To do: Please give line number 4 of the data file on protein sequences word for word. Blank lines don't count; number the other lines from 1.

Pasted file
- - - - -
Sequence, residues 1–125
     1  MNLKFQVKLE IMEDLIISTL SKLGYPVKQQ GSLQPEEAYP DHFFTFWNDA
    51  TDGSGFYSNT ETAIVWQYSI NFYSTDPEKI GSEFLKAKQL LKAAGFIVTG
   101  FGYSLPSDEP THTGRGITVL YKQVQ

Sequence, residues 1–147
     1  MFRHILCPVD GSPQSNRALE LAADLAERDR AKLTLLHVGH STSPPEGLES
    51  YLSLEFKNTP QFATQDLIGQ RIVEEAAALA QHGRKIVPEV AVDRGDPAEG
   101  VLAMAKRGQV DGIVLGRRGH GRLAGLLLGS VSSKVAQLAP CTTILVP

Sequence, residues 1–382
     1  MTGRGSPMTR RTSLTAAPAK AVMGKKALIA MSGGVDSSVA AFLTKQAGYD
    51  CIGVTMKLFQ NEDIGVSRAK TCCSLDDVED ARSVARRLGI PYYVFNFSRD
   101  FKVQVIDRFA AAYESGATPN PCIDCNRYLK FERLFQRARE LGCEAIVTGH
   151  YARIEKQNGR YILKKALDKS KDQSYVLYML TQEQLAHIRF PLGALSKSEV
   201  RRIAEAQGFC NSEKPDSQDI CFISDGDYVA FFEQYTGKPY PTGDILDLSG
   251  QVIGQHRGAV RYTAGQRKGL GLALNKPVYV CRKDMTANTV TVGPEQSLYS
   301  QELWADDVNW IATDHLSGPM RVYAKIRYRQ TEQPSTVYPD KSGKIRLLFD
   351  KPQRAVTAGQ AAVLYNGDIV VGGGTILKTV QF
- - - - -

   101  FGYSLPSDEP THTGRGITVL YKQVQ